Another hurricane has hit New Orleans. But this was the kind they have been dreaming of: a tidal surge of fans welcoming their adored NFL Saints home, as the city took its greatest single step towards normality since Katrina's dreadful visitation of 13 months ago.
For millions of armchair fans, it was merely the third Monday night football game of the new season, an institution taken for granted by millions of television viewers, live from the Superdome. But for New Orleans this was a private Super Bowl, five months early.
If 29 August 2005 was the day a city died, 25 September 2006 may go down as the moment it was reborn. For the first time since December 2004, the Saints were back in town. And not only that. One of gridiron's perennially lousy teams celebrated with a victory so convincing that the rest of the season could be pretty special on the field as well as off.
But this week no one was bothering much about that - even after the Saints had thrashed the visiting Atlanta Falcons by 23 points to three, a margin that did not do true justice to their domination on the night, and lifted their 2006 record to a perfect 3-0. Hours before the game, the carnival was in full swing. Back in the aftermath of Katrina, water was lapping at the Superdome. On Monday, five hours before kick-off, another flood was carving a mighty, irresistible path - but this one made of thousands upon thousands of people, decked out in the Saints' gold and black, joyously descending on the 27-storey building that, for better or worse, is the emblem of New Orleans.
Inside, the pre-game festivities were worthy of the Super Bowl. "There is a house in New Orleans... it's called the Super dome," the 70,000 present sang - and for once the sun was truly rising on the city. Then came a thunderous rendering of "Beautiful Day" by U2, aptly fronted by Bono, the musician identified more than any other with coming to the aid of the needy.
New Orleans still has colossal problems. The city's population is only half its pre-Katrina level of 460,000. Vast swathes of it resemble a modern Pompeii. But the Saints are already sold out for the whole regular season. Most important, the Superdome looks like a football arena again.
In those first days after Katrina struck, the place was symbolic of a third world in the richest country on earth, and a metaphor for a semi-obliterated city: a chaotic, fetid stinking hole packed with refugees and with half of its roof torn off. For New Orleans it signified humiliation and despair, for the wider America it was a national badge of shame.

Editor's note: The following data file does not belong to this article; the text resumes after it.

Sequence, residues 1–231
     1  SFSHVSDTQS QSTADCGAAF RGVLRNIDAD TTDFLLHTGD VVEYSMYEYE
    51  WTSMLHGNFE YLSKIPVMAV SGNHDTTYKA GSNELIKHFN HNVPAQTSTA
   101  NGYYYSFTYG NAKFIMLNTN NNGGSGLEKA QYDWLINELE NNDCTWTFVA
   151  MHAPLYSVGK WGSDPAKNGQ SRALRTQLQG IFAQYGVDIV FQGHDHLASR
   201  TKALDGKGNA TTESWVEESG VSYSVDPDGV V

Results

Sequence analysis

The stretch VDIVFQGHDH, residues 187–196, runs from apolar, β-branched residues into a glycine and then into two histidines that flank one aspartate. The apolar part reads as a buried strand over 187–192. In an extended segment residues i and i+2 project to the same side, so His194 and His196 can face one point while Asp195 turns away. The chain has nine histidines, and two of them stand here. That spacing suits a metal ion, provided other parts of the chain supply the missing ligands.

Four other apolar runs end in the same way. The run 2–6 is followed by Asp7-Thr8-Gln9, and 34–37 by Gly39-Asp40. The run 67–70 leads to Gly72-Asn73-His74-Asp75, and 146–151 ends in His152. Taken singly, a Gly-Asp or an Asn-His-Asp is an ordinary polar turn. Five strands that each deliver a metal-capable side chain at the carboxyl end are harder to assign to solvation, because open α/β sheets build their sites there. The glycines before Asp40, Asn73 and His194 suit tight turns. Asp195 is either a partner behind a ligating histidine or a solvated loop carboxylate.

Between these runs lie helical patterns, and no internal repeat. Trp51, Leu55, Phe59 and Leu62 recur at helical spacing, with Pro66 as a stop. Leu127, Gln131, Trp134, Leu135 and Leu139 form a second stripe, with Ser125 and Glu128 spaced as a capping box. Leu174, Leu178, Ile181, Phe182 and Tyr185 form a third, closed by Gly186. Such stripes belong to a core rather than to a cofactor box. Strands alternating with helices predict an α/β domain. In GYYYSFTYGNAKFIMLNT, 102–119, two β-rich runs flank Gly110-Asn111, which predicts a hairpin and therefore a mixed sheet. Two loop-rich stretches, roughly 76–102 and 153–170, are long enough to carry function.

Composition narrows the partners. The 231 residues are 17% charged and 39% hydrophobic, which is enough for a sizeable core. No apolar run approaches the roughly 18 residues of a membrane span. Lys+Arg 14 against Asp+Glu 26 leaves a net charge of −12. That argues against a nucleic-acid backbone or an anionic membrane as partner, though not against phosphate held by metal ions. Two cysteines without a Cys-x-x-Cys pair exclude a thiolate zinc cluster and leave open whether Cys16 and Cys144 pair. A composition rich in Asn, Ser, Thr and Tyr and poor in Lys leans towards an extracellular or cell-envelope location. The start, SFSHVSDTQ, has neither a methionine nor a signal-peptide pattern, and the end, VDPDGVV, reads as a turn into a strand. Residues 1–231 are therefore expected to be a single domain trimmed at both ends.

Those memories can never be erased. But the physical wounds can. Inside and out, the stadium looked brand new - as it should after a nearly completed $185m (£98m) face-lift including a new roof, new artificial turf, new concession stands and state-of-the-art scoreboards.
"The Superdome is a sign of hope and progress," Louisiana's governor, Kathleen Blanco, said on Monday. "It rises as a symbol of renewal and progress. We know we can bring our communities back." Another New Orleanian was blunter still. "Katrina was our 9/11, and this building was our twin towers."
On the field, too, things are looking up for one of the NFL's eternal so-rans. The Saints have not made the play-offs since 2000, and are one of three teams (and by far the oldest) never to have played in a Super Bowl or an NFC Championship game.
At one point in their less than stellar history, fans lopped the first letter off their name, turning the Saints into a more fitting "Aints". Last year, when the team were forced to play their home games in San Antonio, the Louisiana state capital of Baton Rouge (and on one occasion in New York) was understandably dismal, ending 3-13.
But last night's rout of Atlanta, who had arrived with a perfect 2-0 record of their own, offers sporting hope as well. The team are unbeaten - and that without a defining contribution thus far from Reggie Bush (already dubbed "Saint Reggie"), the former USC star rated as one of the best college running backs in history who was snapped up by the Saints as their top 2006 draft pick.
Instead New Orleans won with their tightly knitted, speedy defence, smothering every attempted play by Atlanta's highly rated quarterback, Michael Vick. In truth, though, the Falcons were competing against not only the Saints but an evening's manifest destiny as well.
"I'd be lying if I said there wasn't a little piece of me that really appreciated what this game meant to this city," the Atlanta head coach Jim Mora said. "But we made it way too easy for the Saints. They played extremely well; we didn't play very well."Reuse content